Cagney and Montgomery were friends for years, even if they were an unlikely duo on the surface – Cagney the kid from the streets of New York, a self-admitted "strong Roosevelt liberal" who was once accused of Communist ties; Montgomery, scion of the privileged class, a conservative who appeared as a friendly witness before the House Un-American Activities Committee. Nevertheless, they got along well and enjoyed working on The Gallant Hours. Both admired Halsey greatly, and the project became a labor of love for them. Cagney had high regard for Montgomery as a "deeply read, wonderfully intelligent man with a great social flair." In his autobiography, Cagney noted that his friend was "a chap raised with a silver spoon in his mouth who on ability and guts alone became the leader of the Screen Actors Guild, and in their first big fight with the Producers Association, laid his career right on the line." He also admired the way Montgomery tackled "the big guns of the television networks."

The Gallant Hours was their only movie together, although Cagney had appeared in an episode of Montgomery's Emmy-winning TV anthology series Robert Montgomery Presents in 1956. Cagney said in his autobiography that he played the role of an Army sergeant escorting the body of a dead buddy home from Korea "because I promised Bob that if I ever did any work on television, I'd do the first with him." Rarely seen on the small screen, Cagney also showed up on several shows after the release of The Gallant Hours to promote the picture, including one guest spot where he got to meet two other men he admired, heavyweight boxing champs Gene Tunney and Jack Dempsey.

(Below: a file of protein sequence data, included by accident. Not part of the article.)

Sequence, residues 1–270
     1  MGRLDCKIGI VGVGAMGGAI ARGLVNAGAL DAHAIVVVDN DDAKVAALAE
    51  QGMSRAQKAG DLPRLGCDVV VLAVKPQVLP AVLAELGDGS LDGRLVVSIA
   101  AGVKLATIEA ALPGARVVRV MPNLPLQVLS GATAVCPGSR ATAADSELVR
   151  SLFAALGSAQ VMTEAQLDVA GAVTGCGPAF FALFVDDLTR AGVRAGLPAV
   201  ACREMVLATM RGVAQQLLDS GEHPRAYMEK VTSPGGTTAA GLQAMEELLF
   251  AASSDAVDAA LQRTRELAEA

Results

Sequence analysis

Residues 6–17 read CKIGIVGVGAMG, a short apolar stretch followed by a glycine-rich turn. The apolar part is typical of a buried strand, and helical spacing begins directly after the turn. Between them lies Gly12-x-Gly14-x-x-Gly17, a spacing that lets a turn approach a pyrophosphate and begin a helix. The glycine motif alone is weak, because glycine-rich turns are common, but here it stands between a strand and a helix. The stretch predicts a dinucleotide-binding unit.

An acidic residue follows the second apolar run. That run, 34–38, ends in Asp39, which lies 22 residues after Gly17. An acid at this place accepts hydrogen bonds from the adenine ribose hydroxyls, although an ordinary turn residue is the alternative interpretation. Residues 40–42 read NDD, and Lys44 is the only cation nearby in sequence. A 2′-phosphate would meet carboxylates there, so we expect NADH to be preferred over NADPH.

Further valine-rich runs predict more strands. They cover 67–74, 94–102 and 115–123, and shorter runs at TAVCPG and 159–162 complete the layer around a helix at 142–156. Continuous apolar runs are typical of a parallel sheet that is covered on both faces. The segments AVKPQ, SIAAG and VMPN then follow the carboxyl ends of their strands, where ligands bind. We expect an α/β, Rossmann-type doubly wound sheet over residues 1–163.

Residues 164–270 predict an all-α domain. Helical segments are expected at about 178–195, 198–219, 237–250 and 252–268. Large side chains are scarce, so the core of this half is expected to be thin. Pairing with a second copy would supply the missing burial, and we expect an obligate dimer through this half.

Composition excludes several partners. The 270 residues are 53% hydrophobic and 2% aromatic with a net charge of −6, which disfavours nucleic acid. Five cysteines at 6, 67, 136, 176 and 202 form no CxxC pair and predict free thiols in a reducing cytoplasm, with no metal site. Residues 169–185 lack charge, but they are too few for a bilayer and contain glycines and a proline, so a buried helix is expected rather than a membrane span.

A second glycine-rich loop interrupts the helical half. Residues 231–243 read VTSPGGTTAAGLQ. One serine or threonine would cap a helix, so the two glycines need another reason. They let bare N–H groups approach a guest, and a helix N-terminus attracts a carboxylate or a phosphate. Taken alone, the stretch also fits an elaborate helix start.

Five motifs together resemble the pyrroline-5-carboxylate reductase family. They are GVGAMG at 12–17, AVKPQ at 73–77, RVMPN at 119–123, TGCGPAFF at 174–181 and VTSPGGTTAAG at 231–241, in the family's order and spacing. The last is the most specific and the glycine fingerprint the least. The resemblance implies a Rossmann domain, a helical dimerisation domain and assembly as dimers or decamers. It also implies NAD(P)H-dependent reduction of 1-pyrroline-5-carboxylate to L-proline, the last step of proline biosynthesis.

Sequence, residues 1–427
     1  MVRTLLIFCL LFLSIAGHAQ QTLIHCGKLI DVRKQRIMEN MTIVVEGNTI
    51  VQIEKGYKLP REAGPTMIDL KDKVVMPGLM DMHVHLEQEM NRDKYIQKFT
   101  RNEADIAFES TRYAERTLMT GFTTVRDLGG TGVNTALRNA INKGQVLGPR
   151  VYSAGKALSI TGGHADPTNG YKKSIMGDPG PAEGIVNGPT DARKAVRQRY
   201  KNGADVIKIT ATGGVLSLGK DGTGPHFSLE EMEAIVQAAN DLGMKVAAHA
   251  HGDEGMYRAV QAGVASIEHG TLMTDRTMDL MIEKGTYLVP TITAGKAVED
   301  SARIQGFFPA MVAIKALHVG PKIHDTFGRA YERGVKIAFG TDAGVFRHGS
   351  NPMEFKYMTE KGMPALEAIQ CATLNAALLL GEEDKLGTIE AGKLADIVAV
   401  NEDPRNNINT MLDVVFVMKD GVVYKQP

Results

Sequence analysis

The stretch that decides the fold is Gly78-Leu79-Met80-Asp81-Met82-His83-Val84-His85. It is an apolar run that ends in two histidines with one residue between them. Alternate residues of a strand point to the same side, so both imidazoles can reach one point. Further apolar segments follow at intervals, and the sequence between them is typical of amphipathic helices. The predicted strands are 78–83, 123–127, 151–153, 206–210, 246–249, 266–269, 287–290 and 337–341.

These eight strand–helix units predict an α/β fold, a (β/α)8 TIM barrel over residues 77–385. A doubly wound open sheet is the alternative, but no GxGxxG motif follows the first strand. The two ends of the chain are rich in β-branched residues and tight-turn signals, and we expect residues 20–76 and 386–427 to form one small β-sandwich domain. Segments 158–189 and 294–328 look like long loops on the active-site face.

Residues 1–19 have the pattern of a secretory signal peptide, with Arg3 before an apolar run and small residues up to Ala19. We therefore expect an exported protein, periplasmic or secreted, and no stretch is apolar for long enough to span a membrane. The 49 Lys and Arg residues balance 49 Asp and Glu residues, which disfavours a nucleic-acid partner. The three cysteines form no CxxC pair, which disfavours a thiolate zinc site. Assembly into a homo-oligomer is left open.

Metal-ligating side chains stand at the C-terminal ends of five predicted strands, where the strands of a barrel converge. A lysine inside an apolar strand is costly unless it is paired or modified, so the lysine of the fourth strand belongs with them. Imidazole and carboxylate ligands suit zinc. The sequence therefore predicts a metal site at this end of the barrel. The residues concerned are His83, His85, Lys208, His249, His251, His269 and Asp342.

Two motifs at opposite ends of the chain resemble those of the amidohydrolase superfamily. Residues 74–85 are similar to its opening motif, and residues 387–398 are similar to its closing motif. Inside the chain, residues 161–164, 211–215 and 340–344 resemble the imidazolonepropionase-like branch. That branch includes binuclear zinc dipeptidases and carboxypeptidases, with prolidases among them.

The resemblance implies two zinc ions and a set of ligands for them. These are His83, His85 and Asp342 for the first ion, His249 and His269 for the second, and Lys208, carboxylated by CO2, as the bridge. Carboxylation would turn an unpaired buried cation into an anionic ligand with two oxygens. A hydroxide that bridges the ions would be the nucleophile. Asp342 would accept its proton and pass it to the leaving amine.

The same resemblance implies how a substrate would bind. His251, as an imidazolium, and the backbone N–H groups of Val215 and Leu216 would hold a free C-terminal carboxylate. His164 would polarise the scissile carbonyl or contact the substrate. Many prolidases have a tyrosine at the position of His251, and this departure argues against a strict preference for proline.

As he had done in the past, Cagney decided to retire after The Gallant Hours but was lured back one more time by Billy Wilder for the comedy One, Two, Three (1961). He did not return to the big screen again until Ragtime (1981), his final theatrical feature.

The uncredited narrator of the American sequences of The Gallant Hours is director Robert Montgomery, no stranger in front of the camera either. Born into a wealthy family, Montgomery had success as a screen actor from the late 1920s often as a likable tuxedoed young gent of the upper classes. As he matured, he showed his talent for heavier, darker roles and, in the 1940s, turned to directing and producing for screen, stage and television. He made his last big screen appearance as an actor in 1950, and The Gallant Hours was his final directorial effort. He was the father of the late Elizabeth Montgomery, best known as Samantha on TV's Bewitched.

James Cagney's and Robert Montgomery's sons appear in The Gallant Hours in uncredited bits as Marines. Robert Montgomery, Jr. made a few other films (12 to the Moon [1960], College Confidential [1960]) and a handful of TV appearances (Death Valley Days, Sea Hunt), but James Cagney, Jr. never made another film and died of a heart attack at the age of 45 in 1984, two years before his father's death.

Director: Robert Montgomery
Producer: Robert Montgomery
Screenplay: Frank D. Gilroy, Beirne Lay, Jr.
Cinematography: Joseph MacDonald
Art Direction: Wiard Ihnen
Original Music: Roger Wagner
Cast: James Cagney (Fleet Admiral William Halsey), Dennis Weaver (Lt. Commander Andy Lowe), Ward Costello (Captain Harry Black), Vaughn Taylor (Commander Mike Pulaski), Richard Jaeckel (Lt. Commander Roy Webb).

by Rob Nixon